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Preparing the Next Gen of Graphic Arts Re-Educating the Industry by Harvey Robert Levenson, Ph. D., Cal Poly

Posted Friday, June 27, 2014 by Jules VanSant.

PPI has a strong partnership with CalPoly through an educational endowment created by Brian Dammeier. This endowment allows us to bring education to our members and the region while providing the faculty and students at the university a liaison to greater information and opportunities within the companies residing in Oregon, Washington, Idaho, Montana, Alaska & Hawaii. Printlandia the Series is one of those programs.

harvey-levenson Preparing the NextGen of Graphic Arts Re-educating the Industry
By Harvey Robert Levenson, Ph. D., Cal Poly

Harvey Robert Levenson, Ph. D., is Professor Emeritus and Director of the Graphic Communication Institute at California Polytechnic State University, San Luis Obispo, Calif.

Reprinted with approval from the author, published originally in Output Links in June 2014

My intention was not to write an article about Cal Poly. However, I cannot help but present a case study of success in preparing the future human resources of the graphic arts and for re- educating those already actively part of the printing, publishing and related graphic communication profession.With a focus on hands-on practical education and training, Cal Poly has deployed a methodology that has bred an outpouring of accolades from the graphic arts industry that resulted in a substantially industry-funded institute for the purpose of developing and delivering education and training services to the profession.

grci_door Founded in 1946. Cal Poly’s Graphic Communication department today maintains an enrollment of 300 unusually bright and focused students drawn from the top 10 percent to 15 percent of their high school and community college graduating classes. Approximately two- thirds of the qualified applicants to Cal Poly’s Graphic Communication program are turned away and many of those who are accepted have attained high school grade point averages of over 4.0 (honor students) and some have achieved combined SAT scores of over 1400 (1600 is maximum).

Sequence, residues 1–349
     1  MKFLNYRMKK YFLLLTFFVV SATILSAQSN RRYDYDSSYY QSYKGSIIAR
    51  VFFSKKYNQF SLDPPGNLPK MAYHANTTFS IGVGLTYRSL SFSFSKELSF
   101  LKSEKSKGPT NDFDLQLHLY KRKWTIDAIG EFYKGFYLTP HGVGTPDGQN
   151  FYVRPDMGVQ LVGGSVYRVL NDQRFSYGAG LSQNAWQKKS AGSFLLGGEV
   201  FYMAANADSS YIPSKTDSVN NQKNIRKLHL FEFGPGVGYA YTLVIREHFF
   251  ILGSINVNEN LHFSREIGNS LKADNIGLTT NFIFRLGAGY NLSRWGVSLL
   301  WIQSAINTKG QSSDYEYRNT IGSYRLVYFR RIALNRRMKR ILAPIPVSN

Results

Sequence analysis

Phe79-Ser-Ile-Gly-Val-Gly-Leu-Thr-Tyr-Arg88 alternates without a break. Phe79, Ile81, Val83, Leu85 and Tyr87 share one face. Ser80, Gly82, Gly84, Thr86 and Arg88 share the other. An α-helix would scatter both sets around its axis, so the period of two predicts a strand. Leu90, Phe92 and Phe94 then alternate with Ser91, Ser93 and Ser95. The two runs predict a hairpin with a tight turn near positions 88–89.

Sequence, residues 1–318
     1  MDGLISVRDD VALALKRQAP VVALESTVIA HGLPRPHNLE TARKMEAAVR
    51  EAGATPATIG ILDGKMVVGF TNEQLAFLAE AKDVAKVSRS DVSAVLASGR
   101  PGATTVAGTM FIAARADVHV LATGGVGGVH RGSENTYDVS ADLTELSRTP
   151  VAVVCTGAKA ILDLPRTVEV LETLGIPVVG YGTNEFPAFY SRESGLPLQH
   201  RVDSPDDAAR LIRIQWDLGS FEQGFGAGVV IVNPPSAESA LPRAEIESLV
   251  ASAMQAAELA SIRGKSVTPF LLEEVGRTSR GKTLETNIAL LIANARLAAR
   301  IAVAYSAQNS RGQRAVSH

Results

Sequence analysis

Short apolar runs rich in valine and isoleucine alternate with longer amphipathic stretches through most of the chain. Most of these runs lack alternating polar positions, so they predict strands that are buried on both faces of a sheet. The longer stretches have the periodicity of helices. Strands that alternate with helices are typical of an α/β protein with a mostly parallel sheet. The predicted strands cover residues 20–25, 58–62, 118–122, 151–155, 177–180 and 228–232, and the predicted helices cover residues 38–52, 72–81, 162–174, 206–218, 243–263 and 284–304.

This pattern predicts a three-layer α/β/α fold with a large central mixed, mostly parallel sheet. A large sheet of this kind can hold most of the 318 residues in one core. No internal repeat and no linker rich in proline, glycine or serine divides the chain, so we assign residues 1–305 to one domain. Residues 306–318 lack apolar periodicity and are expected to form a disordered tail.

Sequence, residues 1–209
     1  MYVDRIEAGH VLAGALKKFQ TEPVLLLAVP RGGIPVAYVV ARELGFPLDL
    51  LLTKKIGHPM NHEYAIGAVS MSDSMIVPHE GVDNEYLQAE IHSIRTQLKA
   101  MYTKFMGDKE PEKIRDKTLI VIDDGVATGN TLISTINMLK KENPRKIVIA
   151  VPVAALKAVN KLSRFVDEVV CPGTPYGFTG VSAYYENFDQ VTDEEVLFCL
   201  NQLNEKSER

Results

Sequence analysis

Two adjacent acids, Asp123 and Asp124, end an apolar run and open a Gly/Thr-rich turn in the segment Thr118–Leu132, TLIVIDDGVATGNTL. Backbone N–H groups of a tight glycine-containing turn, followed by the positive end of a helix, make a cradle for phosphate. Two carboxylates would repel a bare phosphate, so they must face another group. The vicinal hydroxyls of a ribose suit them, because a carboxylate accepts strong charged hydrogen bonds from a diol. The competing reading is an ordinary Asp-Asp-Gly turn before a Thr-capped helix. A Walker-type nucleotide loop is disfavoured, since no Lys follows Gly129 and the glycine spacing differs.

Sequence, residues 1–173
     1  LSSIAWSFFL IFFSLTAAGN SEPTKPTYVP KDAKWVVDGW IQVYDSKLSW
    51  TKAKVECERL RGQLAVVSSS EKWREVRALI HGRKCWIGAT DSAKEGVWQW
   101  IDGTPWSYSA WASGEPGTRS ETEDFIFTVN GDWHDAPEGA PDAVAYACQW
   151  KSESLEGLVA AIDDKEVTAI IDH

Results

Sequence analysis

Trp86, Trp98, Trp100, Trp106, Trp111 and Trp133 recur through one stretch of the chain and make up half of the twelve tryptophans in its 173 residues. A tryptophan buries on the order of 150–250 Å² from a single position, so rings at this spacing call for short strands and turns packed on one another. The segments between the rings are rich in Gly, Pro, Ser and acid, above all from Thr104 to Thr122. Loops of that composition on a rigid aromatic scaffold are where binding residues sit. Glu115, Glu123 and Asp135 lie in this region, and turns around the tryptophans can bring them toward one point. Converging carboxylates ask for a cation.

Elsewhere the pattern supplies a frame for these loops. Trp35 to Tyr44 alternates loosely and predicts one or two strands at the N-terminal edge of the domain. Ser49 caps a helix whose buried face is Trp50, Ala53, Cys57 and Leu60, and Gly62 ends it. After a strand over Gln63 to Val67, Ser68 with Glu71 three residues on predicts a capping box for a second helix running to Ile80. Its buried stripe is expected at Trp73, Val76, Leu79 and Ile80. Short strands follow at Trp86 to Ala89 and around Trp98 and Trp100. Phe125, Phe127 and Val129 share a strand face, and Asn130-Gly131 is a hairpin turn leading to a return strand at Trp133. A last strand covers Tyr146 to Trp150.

In operation for over 55 years, the department has over 3,000 alumni, many of whom have reached high levels of responsibility and authority in the graphic arts profession. Most have been educated in the Graphic Communication department’s 33,000 feet of laboratories that have been kept modern through yearly outpourings of equipment and financial gifts from industry.

As one of the largest and known programs of its kind in the nation, the department boasts 100 percent placement for students wanting to enter the industry upon graduation. Indeed, most receive multiple offers by the largest and most prestigious companies in the industry that recruit on the Cal Poly Campus. Part of this success comes from an internationally known faculty of professors, scholars, researchers, authors, and consultants. However, most of the success comes from Cal Poly’s long-standing philosophy of “learn-by-doing.”

EducationImportant When I first arrived on the scene at Cal Poly in 1983, I was skeptical about this philosophy and thought that it was just a cute and catchy cliché that the university used to attract students with technical interests who were not particularly academically oriented. I learned quickly that this was a far cry from the truth. In fact, Cal Poly attracts, and has for years, some of the most academically oriented, critical thinking, and creative student bodies that I have ever encountered. In fact, in 2001, it was a Cal Poly Graphic Communication student who won the coveted Outstanding Student of the Year award for Academic Excellence. This is the highest student award give out each year by the university.